In 1884, a botanist testified that Italian fishermen loaded their boats with fagots to feed the bakery ovens on the mainland. Zembra enjoys very important marine biodiversity. Indeed, a marine current coming from the Atlantic Ocean, crossing the Moroccan and Algerian coasts, ends by rounding Zembra and Zembretta and ends its race by crashing on the gulf of Tunis. This stream is rich in nutrients composed in addition to plankton and phytoplankton, a fish feed source, at the bottom of the marine food chain. Thus, mackerel, sardine, and anchovy strips made the southern coast of Sardinia, the Strait of Sicily, and essentially off the Gulf of Tunis a privileged place for feeding. But this law of the food chain gave birth to a predator of size: the bluefin tuna, which, in its Mediterranean tour, stays in the surroundings to fatten these bands of bluefish and to continue its road thereafter. This stay is not without surprise for the tunas, the fishermen of Sidi Daoud give them nets which only they know the secret to drain them in the ‘Matanza’, the chamber of the death, before finishing in the cans and our plates. These bluefish, sardines, and anchovies have another predator, the gray shearwater, this marine bird with a life cycle of six months on the high seas reaching the Portuguese and Mauritanian coasts in the Atlantic and six months in Zembra to breed.
95% of the Mediterranean population, take care, is composed of 140 thousand pairs of Ashen shearwaters finding refuge in the cavities, caves, bushes, and rocks of Zembra to build nests that they visit only at night to change partner for brooding. To recognize themselves, the shearwaters shout like a large crib of crying babies. With its 125 cm opening of the wings, the gray shearwater does not find any difficulty to sail with or against the wind, its cruising speed of 50 km / h reaches 90 km / h. Glider par excellence, he managed to follow the bands of fish up to the coasts of Annaba in Algeria and the Gulf of Sirte in Libya; but this is amazing, very rarely in the Gulf of Gabes. It seems to me that it avoids shoals because it dives up to 9 m to catch fish. The individual who does not brood the single egg alternately with the partner spends the night on the water. During the day, the average of his time is distributed: 35% for foraging, 25% for travel, and 40% on the water. It is not surprising that the Ashen shearwaters are highly concentrated on feeding areas and relatively close to the colony. The number of short trips made in the waters of the Gulf of Tunis, 50 km from the colony, indicates that this area is of vital importance for the feeding of the gray shearwaters.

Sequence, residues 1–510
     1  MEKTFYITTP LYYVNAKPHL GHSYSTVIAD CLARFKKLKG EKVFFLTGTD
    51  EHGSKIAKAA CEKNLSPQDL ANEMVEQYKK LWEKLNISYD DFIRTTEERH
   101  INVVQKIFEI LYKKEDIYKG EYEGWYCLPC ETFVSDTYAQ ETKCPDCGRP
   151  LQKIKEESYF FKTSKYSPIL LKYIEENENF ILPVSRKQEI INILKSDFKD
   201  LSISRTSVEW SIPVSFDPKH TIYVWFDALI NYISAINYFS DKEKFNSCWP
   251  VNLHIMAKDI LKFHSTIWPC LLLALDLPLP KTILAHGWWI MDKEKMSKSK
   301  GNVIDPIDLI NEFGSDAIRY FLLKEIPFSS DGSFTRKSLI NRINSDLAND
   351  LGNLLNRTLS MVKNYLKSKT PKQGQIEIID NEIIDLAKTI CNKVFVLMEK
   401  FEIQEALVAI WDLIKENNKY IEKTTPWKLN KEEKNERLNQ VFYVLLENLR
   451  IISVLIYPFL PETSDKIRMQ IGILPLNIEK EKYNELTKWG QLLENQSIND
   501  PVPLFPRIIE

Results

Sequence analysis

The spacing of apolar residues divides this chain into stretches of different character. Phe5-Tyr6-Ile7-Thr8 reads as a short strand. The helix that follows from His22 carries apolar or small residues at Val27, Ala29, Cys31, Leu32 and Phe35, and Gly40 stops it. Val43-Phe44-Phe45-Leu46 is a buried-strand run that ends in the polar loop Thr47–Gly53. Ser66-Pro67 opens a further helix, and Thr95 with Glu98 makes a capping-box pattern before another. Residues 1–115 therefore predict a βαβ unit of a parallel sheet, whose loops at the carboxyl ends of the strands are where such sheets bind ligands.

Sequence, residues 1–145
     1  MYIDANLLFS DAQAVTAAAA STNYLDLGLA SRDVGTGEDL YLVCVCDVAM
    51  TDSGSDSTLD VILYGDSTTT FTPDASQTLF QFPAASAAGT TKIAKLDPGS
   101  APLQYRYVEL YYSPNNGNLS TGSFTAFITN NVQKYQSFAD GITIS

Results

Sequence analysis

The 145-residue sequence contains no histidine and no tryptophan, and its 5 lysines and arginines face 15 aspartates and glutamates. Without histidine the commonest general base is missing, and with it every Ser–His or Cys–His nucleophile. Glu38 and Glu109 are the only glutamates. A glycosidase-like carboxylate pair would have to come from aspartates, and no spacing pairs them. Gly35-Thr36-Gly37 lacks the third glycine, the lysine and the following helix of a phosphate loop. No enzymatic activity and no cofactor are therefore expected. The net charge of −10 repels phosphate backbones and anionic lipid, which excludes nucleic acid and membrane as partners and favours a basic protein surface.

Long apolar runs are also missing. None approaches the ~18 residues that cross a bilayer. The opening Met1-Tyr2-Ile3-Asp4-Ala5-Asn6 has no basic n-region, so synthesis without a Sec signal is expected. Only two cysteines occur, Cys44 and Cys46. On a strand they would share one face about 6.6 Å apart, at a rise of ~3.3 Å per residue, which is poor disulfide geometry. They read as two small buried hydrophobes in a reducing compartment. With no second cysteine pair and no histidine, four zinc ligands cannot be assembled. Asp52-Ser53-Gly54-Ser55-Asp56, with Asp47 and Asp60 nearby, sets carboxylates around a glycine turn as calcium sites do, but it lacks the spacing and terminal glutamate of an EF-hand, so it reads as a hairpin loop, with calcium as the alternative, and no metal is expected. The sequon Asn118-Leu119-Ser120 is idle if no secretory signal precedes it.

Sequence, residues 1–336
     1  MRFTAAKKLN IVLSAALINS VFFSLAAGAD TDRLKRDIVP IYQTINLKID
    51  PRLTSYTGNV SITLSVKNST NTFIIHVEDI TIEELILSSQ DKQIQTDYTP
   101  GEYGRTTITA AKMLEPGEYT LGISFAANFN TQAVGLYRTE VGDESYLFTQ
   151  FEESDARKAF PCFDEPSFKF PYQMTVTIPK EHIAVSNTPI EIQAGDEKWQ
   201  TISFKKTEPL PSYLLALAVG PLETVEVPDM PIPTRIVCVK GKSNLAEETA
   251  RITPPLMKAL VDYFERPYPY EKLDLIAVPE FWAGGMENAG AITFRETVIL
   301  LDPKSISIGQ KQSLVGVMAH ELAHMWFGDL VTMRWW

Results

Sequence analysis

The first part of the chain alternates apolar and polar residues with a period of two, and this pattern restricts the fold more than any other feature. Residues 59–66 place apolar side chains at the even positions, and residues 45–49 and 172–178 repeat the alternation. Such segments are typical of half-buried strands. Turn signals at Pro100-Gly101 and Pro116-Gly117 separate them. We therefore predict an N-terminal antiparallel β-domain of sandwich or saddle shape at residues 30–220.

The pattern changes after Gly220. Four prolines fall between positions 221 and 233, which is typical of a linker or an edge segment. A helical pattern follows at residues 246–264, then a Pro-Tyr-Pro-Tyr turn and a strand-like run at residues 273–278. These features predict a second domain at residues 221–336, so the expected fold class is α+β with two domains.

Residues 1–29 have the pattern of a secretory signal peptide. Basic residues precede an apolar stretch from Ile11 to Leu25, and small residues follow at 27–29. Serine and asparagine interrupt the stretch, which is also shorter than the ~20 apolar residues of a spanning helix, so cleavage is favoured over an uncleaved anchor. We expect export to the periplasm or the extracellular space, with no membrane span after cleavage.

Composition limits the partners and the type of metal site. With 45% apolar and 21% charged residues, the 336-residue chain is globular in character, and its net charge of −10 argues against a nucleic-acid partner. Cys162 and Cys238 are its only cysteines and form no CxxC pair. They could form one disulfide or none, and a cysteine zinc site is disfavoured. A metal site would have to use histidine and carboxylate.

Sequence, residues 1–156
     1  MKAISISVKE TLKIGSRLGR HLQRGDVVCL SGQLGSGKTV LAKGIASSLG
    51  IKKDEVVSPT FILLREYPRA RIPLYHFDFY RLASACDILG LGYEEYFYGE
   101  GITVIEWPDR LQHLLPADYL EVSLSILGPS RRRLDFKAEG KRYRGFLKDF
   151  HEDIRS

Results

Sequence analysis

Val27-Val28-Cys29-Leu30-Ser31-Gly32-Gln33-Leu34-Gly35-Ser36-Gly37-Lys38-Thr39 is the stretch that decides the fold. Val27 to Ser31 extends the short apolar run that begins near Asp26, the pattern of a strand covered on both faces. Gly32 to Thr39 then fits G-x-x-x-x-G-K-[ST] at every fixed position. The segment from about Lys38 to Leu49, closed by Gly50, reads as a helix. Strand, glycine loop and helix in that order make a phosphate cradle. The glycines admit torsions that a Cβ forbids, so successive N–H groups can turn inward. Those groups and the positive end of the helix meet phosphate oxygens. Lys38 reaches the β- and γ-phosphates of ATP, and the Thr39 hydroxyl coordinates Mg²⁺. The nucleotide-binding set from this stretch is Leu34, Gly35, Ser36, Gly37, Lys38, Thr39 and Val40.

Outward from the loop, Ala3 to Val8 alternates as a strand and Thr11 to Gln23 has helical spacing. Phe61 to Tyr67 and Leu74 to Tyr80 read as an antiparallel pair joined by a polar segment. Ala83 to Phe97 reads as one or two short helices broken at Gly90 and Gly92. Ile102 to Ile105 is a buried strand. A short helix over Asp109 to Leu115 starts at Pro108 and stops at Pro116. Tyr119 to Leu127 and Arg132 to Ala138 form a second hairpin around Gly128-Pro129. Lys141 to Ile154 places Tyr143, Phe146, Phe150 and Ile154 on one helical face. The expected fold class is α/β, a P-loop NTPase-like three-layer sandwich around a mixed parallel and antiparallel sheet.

Zimbra records on its 389 ha one of the largest concentrations of peregrine falcons in the world with 10 couples and a couple of falcons. The peregrine falcon, the master of heavens par excellence, the fastest creature in the world, also has its ‘guardian’ technique on the island.
Indeed, at the beginning of the autumn and at the time of the North-South migration, the migratory birds cross the Mediterranean coming from Europe, and since Zembra is on one of the migratory corridors, passerines, turtledoves, and others exhausted by the journey gain the island to rest.
As soon as a bird ventures to continue the journey to Africa, a peregrine falcon of the 10 couples who are all on the lookout is responsible for folding it on the island. As soon as he sees it, he gains altitude and then makes a majestic peak reaching 300 to 380 km / h, and because of this, the hawks keep the living food for them and for their offspring instead of going bring it back from Cap Bon, 15 km away. In 1964, King Baudouin of Belgium had offered to Bourguiba a couple of mouflons from Corsica, entrusted to the General Directorate of Forests. They were transferred to Oued Zitoun, northwest of Zembra.
Currently 42, they suffer a high death rate because of thirst because, in August, the only source in Oued Zitoun is dry. After more than 50 years, the herd has not yet discovered the northeast side of the island where the source of Ain Kabbar is located because of the natural separation of a large rock, called Babur by its shape reminiscent of a large liner.
The nature reserve of Zembra and Zembretta, the great Jamour and the little Jamour, as Asfour called them, the man who had dedicated his whole life to this site by considering him as one of his children, owes his conservation and protection to the two great activists of the ecological cause, Ali El Hili and Abdallah Ben Dhafer said Asfour, to which I owe my training. The Zembra and Zembretta Nature Reserve still hold rich and well-preserved secrets. Researchers and scientists are called upon to redouble their efforts to unveil them.
By Abdelmajid Dabbar